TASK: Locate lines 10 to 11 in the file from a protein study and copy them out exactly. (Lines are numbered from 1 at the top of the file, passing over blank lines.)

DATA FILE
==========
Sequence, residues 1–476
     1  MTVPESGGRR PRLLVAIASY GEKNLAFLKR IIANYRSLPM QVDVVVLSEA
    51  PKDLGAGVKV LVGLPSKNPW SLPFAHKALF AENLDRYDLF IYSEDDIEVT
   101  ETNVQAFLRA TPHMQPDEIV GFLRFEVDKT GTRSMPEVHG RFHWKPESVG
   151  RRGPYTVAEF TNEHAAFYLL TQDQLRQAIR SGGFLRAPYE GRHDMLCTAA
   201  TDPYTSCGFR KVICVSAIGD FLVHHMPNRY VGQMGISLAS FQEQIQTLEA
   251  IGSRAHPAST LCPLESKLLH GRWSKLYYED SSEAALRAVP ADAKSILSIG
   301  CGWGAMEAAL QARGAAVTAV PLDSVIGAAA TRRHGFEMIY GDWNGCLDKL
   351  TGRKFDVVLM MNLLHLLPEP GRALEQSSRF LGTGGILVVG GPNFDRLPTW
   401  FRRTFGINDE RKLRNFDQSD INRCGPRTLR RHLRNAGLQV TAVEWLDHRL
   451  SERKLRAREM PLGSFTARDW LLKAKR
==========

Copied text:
   401  FRRTFGINDE RKLRNFDQSD INRCGPRTLR RHLRNAGLQV TAVEWLDHRL
   451  SERKLRAREM PLGSFTARDW LLKAKR